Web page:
The little annexe or private pew at the north-east corner of the chapel, known as Lady Barham's room, was probably built in 1814, when Lady Barham came to live at Fairy Hill nearby. This room had a door the top half of which could be opened to enable her to take part in the service. It is said she would close it if the sermon was too long. The bow-fronted gallery is original, but the west gallery may be an early addition. Towards the end of the C19 the interior layout was altered, with a new pulpit and set fawr. The space beneath the west gallery has been screened off as a vestry. The front porch was probably a late addition; a C19 drawing displayed in the vestry shows the porch with a flat roof.

Exterior

A chapel standing within a stone-walled and railed enclosure together with its manse. The manse and the link section joining it to the chapel have been considerably modernised, but the chapel retains its symmetrical elevation to the south, facing Burry Green, albeit rendered; two-window front elevation with later porch; slate roof hipped at each end. The name is displayed on a stone above the porch. At the north east corner is a small annexe known as Lady Barham's room. The east and west end-elevations of the chapel are each also of two windows. Original multi-pane windows with interlacing glazing bars survive in the end elevation towards the manse, the other windows all have late C19 replaced timber windows. The rear elevation is blank apart from the gallery door and exterior stairs.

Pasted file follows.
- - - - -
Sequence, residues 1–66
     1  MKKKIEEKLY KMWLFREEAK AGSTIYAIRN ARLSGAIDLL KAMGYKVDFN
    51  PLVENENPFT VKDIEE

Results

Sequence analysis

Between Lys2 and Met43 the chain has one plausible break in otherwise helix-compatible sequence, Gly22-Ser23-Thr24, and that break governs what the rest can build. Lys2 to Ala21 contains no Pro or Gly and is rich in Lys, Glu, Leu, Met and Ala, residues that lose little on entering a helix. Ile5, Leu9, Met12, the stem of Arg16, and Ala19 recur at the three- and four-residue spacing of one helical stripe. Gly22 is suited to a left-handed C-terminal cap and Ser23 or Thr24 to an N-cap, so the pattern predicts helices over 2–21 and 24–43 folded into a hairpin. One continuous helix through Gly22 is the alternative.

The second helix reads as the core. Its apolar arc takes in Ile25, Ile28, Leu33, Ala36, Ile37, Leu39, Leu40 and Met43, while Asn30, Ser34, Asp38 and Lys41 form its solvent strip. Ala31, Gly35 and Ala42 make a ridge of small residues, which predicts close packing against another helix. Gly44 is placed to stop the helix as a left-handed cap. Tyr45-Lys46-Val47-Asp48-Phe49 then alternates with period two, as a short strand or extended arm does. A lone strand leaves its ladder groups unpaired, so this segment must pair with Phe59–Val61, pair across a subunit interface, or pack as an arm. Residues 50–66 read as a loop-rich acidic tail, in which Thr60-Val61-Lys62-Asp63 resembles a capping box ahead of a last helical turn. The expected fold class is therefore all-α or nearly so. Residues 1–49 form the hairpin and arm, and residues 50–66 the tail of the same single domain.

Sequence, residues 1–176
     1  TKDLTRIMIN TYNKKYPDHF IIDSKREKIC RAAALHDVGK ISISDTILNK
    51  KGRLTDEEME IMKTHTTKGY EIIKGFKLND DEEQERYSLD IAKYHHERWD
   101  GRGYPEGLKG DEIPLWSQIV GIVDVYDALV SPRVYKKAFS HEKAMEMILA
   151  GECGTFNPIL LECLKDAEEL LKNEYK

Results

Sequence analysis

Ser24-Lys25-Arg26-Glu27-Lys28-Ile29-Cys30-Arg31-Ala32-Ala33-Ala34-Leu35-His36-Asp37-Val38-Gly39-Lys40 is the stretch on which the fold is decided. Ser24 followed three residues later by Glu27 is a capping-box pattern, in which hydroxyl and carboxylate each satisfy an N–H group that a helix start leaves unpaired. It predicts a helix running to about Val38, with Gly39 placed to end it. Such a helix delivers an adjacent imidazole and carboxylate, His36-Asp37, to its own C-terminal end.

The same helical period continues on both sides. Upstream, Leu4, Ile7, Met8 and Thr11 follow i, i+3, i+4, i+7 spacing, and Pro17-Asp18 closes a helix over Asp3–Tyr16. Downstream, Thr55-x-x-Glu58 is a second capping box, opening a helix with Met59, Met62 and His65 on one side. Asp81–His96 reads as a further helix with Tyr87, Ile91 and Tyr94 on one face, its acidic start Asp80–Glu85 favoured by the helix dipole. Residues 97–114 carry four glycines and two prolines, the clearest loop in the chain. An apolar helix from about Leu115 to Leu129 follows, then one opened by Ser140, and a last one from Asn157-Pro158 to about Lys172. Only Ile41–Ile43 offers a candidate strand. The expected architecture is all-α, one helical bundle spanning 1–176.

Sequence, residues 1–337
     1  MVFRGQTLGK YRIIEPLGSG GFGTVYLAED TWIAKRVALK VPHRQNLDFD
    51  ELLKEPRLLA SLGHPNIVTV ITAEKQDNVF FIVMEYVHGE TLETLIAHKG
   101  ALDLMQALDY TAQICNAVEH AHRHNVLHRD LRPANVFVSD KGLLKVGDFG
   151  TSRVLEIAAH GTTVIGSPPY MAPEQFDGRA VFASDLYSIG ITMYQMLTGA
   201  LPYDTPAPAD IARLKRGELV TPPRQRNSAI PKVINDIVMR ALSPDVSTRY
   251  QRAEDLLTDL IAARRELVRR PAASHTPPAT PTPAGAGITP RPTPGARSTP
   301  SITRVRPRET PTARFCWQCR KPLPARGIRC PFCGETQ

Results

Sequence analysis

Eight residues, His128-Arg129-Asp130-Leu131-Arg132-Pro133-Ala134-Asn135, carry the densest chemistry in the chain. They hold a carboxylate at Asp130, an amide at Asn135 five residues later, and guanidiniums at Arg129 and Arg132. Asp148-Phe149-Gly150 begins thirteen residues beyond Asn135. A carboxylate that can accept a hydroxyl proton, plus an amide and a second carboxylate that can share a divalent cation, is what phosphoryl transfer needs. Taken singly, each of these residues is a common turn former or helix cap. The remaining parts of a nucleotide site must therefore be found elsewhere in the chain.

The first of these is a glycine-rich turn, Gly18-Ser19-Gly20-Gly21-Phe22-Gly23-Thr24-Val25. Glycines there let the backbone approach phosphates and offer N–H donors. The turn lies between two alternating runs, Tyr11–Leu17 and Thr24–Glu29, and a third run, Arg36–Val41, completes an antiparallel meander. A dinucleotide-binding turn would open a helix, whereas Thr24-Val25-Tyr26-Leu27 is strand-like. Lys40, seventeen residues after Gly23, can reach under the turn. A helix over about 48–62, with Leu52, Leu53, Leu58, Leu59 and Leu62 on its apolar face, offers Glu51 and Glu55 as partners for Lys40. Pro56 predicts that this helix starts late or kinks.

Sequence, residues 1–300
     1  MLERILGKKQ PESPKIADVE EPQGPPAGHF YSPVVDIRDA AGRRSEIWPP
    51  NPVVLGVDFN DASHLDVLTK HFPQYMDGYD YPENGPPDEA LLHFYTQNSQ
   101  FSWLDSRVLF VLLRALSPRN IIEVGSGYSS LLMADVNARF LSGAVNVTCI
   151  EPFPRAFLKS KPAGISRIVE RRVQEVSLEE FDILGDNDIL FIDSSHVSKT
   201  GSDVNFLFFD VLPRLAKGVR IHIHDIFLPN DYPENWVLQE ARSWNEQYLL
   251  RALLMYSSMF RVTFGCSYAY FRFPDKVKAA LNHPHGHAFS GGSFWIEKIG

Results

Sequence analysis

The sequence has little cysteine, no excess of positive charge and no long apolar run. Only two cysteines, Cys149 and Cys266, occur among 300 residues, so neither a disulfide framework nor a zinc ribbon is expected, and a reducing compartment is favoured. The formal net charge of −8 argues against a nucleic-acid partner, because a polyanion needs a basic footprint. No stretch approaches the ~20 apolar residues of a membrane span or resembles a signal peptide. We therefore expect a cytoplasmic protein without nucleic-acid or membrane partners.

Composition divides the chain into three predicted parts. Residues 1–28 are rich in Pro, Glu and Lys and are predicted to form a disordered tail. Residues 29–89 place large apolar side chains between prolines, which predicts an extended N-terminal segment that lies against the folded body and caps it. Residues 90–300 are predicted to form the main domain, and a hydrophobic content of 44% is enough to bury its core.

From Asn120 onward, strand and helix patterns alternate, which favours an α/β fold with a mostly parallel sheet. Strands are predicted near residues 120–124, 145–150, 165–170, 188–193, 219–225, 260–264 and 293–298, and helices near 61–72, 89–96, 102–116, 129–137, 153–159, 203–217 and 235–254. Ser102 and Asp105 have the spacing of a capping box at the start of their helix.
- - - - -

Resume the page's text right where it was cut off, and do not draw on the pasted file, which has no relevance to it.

Interior

The finest feature of the interior is the bow-fronted original gallery supported on columns, built out from the north wall. Moulded handrail on inch-square balusters, above broad panels with a base moulding. Plain continuous beam carried on three surviving Tuscan columns.
The interior has been altered. Two blocks of late C19 pine pews face the pulpit position to the east. Boarded dado. Slightly raised set fawr in pine with canted corners. Pulpit with panelled back panelling including a brass memorial plaque. At the west of the room is a secondary gallery and beneath that a later vestry partition the panels of which can be opened.

Reasons for Listing

Listed notwithstanding alterations as a good early C19 chapel retaining its original gallery, and as an important early centre of Calvinistic Methodist evangelism and the influence of Lady Huntington's Connexion in Gower.

Other nearby listed buildings

  • II Tyle House Farm
    At the southern corner of the Green at Burry Green. Also known as Tile House, Burry's Green or Burrys Green.
  • II Fairy Hill House
    In its own grounds W of a minor road between Reynoldston and Stembridge (about 500m east of Burry Green).
  • II Packhorse Bridge over Burry Pill
    In Cheriton Wood, on a footpath south west from Kittlehill
  • II Limekiln below Weobley Castle
    In a small valley 80m west of Weobley Castle, set back from the path from Weobley Castle Farm to the marshes; trace of track southwards from the kiln to join the path.
  • I Weobley Castle
    250m north of the minor road from Oldwalls to Landimore, on a scarp overlooking Llandimore Marsh and the Burry Estuary.